It’s all in the mind

Fund Manager James Thomson explains why there is a finely balanced tug of war in equity markets at the moment.

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  1. James Thomson

There’s a tug of war going on in the market at the moment.

For most of 2018, investors felt pretty good about life in general and their investments in particular. But that mood turned pretty dramatically in the final quarter, with worried investors hauling the rope toward pessimism. However, that funk appears to be overdone. The collapse in investor sentiment drove the ninth-worst selloff in US market history – other episodes included five selloffs during the Great Depression, the 2008 great financial crisis, the 1987 crash, and the dark days after Pearl Harbour. Comparing the current environment to those horrors makes you question whether fear has outstripped reality.

Some US economic data has come off some pretty spectacular highs (others remain sky-high, I might add), but the information we look at is nowhere near recession territory. And that’s what is most important about stock markets: they go up, they go down, but they tend to stay down for prolonged periods only when GDP starts to shrink.

So we come to the other end of the rope: many analysts, investors and even the US Federal Reserve (Fed), believe the US economy is decelerating slightly, but remains in fine fettle – at least for now. Those who take this stance are the reason stock markets have staged a small recovery in early 2019. Whether this upward momentum continues or tails off and into another slump will depend on upcoming global economic information, semantics of Federal Reserve statements and the good/ill humour of investors.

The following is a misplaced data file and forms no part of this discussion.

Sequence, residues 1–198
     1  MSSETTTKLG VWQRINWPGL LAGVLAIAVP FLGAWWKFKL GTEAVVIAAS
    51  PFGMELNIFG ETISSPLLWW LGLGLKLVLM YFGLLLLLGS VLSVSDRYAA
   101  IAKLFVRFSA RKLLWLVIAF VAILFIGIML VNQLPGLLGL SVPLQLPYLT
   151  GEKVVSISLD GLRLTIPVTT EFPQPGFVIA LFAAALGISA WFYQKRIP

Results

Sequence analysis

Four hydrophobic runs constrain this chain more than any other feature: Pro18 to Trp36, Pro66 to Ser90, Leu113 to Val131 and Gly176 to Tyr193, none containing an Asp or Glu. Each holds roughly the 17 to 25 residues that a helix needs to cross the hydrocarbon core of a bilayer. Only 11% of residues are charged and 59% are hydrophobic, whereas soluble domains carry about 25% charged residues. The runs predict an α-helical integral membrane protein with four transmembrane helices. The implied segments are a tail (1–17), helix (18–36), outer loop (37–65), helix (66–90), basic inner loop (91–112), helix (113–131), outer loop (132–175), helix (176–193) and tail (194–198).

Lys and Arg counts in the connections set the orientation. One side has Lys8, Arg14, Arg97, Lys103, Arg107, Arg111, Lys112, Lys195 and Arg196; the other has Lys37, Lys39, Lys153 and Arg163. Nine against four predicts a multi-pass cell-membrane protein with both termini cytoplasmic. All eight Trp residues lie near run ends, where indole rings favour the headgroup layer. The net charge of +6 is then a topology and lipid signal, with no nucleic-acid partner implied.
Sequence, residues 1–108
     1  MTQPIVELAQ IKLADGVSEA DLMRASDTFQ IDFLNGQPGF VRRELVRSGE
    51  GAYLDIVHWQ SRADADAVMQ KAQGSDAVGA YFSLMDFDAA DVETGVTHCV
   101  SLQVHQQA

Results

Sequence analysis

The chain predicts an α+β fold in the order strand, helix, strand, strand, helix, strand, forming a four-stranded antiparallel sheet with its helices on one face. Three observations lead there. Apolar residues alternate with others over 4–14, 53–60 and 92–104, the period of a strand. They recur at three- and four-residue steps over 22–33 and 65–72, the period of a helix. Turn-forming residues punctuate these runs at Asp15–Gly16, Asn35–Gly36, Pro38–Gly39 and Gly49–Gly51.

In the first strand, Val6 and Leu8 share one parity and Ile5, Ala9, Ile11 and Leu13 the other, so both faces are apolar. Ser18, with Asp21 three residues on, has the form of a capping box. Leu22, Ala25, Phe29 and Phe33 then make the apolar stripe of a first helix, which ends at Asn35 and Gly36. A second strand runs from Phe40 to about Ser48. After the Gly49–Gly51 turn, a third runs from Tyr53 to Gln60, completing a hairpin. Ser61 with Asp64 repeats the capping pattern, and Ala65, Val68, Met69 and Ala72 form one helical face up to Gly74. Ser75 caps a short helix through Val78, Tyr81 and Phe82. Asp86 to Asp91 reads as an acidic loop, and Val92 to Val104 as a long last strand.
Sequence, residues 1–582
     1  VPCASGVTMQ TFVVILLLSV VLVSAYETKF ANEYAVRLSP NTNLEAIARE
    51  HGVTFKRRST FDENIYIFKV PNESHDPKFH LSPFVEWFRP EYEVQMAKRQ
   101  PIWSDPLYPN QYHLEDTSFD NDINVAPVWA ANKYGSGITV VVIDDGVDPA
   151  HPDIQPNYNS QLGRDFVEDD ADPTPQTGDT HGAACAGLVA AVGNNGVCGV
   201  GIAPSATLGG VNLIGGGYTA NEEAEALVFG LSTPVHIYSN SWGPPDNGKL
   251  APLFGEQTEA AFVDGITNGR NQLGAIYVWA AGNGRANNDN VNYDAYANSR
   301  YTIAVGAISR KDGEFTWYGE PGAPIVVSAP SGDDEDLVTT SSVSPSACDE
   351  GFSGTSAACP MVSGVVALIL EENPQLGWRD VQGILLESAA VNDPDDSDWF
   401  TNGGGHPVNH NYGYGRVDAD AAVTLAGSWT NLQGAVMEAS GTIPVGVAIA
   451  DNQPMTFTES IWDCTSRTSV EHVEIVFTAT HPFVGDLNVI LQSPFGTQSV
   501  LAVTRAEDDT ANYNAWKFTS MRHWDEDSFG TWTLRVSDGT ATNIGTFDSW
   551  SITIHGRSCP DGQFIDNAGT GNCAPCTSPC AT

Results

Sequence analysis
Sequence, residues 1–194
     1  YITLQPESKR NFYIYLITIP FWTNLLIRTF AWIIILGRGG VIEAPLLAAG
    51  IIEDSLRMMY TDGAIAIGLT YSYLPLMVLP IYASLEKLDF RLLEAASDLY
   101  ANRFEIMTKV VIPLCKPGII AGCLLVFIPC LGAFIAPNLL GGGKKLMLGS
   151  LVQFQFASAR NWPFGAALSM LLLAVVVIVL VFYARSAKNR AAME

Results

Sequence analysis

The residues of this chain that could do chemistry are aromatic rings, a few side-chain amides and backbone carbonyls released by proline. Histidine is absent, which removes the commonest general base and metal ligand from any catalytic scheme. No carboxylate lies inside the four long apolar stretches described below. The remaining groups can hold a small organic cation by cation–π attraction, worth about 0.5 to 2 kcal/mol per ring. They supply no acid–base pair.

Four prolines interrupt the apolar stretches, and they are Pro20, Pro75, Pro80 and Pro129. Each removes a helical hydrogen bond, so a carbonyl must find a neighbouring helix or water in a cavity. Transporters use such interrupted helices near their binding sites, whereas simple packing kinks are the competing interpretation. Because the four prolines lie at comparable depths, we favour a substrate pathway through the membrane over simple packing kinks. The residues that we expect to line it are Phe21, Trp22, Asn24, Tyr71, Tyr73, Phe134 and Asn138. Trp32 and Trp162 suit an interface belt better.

We are cautiously confident that a strong US economy will help the global economy continue to grow for at least the coming year. However, the market mood is even harder to predict. People are erratic and irrational, which often flows through to markets, especially in the short term. The tug of war is finely balanced at the moment, so it won’t take much to spark a sharp move up or down.

Many investors clearly believe that downside risks are rising and they are punishing companies that are most dependent on strong economic growth. Investors are hypersensitive to any signs of economic deceleration, but doing so earlier than ever to avoid the complacency that defined the pre-Lehman years. The economy is slowing, but everyone is assuming it will have the same devastating effect as 2008, which we believe won’t happen. Risks are clearly increasing because at the beginning of 2018 every country’s Purchasing Manager Index (a measure of business optimism and output) was at an expansionary level. Now eight countries are flashing recession warnings. The stock market is unlikely to stabilise until these key pieces of economic data stabilise. But amid the consensus gloom of investors and businesses, there are upside scenarios in the near future. The Fed has signalled a change in the pace of its rate-hiking, a truce in the US-China trade war could be brokered or economic data could tick upwards from its recent downtrend.

The speed of last year’s change from outright optimism to soul-crushing despair was surprising – it seemed to exaggerate and extrapolate many timelines, indicators and waypoints that have historically been helpful guides for investors. But perhaps this is a symptom of a today’s market, where information flows so quickly that everyone knows about the tell-tale signs of impending doom and jumps the gun. 

The current sell-off is a good example of behavioural psychology: how fear creates an urgency and a pain that is much stronger than the pleasure of any equivalent investment success.  The conclusion for many investors was to ‘give up’ on equities, but in fact, if you have a long-term investment horizon, that should be the only thing you never do.

James Thomson is Fund Manager of the Rathbone Global Opportunities Fund.

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